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Wallace Stevens' Life Is Motion and the Emperor of Ice Cream Analysis
Wallace Stevens’ poems “Life is Motion” and “The Emperor of Ice-Cream” show a clear contrast between life and death, celebration and mourning. Through these two poems, he makes a critique on the social behaviors of people in a time of death. This reading journal will analyze these two poems with emphasis on images of life and death.
In “Life is Motion,” Stevens’ main characters are two young girls names Bonnie and Josie. In this poem, they are dancing in circles around a stump, “celebrating the marriage of flesh and air.” The reader may question why the girls would be celebrating life while dancing around something that has been cut off and static. Although it seems like this poem is alluding to some type of Native American ritual, it seems like the image that is painted here is an image of two girls, celebrating their lives based on the fact that death exists. If life were eternal, each moment would not be so special to those living it. Because of eventual death, we find ways to celebrate simply being alive. We can see this theme in other works by Stevens.
In “The Emperor of Ice-Cream,” Stevens illustrates two images that seem to contradict one another. In the half of the poem, the reader is given injunctions to prepare for what seems like a party or celebration: “Call the roller of big cigars…Let the wenches dawdle...” The poet calls to “the boys” to bring flowers in newspapers. This first half seems like they are celebrating something—that pleasure, even if corrupt, is happening in this home. The final couplet is strange, however: “Let be be the finale of seem./The only emperor is the emperor of ice-cream.” This couplet does not make sense until reading the second half.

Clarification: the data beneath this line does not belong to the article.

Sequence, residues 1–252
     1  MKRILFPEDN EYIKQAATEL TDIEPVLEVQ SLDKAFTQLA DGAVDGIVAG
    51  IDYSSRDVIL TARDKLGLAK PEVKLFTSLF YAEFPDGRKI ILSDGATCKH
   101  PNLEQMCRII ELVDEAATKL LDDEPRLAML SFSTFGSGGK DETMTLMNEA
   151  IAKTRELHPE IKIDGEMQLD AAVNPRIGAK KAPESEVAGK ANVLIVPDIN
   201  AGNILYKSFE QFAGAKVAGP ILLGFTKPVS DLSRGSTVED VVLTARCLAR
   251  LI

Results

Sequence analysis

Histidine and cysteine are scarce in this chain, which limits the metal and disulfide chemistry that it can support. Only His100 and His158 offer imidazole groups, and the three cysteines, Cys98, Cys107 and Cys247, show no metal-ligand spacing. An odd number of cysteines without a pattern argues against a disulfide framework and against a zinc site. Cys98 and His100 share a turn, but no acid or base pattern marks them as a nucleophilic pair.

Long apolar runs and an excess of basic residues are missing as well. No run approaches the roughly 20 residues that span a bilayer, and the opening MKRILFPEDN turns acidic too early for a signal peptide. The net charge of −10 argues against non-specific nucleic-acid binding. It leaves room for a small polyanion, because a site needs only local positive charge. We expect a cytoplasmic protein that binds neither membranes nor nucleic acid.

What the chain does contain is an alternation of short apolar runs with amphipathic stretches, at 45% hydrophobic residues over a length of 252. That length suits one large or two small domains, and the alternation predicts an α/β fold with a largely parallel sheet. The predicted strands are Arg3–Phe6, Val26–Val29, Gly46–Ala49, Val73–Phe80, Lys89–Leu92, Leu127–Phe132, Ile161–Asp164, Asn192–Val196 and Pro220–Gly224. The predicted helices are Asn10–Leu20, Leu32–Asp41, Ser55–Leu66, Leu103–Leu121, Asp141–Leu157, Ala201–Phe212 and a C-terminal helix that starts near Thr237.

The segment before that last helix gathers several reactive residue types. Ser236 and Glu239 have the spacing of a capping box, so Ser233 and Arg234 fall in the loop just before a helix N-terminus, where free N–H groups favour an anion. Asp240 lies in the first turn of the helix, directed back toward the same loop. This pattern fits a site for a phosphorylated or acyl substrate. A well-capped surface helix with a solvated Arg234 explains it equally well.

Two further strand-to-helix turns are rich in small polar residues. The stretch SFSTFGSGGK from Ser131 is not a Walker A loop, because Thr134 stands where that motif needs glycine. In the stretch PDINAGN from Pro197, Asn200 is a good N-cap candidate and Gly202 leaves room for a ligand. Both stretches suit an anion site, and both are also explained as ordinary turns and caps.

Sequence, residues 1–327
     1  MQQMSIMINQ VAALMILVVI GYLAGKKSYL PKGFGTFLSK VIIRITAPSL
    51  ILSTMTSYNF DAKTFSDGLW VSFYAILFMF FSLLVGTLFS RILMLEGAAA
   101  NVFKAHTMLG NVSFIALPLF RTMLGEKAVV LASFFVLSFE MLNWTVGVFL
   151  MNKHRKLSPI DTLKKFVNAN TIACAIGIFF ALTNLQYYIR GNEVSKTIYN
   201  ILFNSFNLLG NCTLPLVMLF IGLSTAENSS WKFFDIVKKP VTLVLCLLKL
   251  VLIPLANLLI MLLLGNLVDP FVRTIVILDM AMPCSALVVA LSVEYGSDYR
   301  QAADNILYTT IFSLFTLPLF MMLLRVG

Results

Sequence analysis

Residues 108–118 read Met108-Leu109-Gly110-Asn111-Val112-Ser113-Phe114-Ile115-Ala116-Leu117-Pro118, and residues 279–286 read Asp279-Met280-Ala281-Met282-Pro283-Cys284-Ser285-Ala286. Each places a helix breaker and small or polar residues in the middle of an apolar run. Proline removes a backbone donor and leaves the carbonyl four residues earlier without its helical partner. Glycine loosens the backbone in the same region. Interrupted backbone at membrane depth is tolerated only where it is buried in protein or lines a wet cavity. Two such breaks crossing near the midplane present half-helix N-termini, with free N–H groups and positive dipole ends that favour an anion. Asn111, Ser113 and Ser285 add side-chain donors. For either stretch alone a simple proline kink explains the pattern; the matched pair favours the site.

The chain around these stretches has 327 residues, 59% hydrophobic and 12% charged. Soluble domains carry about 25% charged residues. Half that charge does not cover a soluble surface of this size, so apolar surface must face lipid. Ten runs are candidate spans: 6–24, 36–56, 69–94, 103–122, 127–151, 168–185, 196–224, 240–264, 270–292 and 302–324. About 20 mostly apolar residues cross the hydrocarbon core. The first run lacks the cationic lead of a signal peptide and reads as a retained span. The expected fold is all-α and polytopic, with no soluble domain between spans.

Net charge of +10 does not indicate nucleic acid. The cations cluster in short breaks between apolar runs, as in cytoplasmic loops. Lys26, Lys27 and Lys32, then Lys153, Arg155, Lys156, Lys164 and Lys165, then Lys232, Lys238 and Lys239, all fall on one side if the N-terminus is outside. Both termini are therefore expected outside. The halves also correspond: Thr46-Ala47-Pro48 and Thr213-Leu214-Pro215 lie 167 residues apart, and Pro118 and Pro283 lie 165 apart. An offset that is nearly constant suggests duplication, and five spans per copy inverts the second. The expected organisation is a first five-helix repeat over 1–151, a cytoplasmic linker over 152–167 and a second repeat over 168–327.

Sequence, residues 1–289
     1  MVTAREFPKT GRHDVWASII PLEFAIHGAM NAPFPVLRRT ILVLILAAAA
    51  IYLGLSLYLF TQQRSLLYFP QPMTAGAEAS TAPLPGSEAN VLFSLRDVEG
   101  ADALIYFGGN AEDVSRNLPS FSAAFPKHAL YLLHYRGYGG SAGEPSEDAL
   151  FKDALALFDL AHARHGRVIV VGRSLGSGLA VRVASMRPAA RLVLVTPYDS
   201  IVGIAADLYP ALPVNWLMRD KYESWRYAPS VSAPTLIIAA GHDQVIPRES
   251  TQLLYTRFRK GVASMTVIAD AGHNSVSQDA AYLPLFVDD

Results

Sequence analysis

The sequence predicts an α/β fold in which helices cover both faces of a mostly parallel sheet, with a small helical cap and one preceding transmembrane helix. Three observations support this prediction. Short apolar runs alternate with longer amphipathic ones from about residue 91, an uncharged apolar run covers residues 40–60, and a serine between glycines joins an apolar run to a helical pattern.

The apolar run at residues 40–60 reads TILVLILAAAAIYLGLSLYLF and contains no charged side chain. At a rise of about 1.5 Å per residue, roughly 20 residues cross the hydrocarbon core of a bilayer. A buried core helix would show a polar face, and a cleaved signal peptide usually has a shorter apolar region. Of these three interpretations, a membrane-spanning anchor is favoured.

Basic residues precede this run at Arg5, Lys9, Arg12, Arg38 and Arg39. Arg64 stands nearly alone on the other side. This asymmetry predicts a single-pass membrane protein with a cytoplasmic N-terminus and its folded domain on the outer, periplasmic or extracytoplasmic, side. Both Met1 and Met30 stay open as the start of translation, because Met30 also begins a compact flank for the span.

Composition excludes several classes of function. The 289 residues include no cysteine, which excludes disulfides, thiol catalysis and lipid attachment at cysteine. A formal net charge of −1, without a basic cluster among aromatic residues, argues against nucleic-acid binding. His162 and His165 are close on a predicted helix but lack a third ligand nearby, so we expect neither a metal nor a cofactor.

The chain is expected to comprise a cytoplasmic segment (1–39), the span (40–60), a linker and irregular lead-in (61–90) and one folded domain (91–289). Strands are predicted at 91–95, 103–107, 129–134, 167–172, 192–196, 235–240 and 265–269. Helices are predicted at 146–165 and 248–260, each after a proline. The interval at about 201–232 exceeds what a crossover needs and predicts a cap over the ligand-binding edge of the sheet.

The second half of the poem does not describe a celebration. In contrast, while still commanding the reader to fetch things, this half describes placing a sheet over a dead person’s face. This half of the poem is about death. The contrast between life and death is more obvious in this poem than the last, yet the symbol of ice-cream carries much more weight than that of the stump in “Life is Motion.” The ice-cream can be interpreted as death or life, depending on the reader’s interpretation. I suggest that this image serves as a symbol for life, however, because of ice cream’s temporary state.
The final lines of this poem are “Let the lamp affix its beam./The only emperor is the emperor of ice-cream.” Because the lamp is mentioned, I believe this is an allusion to the way ice cream melts. It is a temporary pleasure that is fleeting. Although it is sweet, indulging and innocent, the poet does not want us to forget that it doesn’t last for long: “Let be be the finale of seem.” and “Let the lamp affix its beam,” are lines that should be right next to each other. They describe the temporary state of living that all humans have. Through these poems, one may find that they are encouraging—that the reader must celebrate while they can, because death is eventual.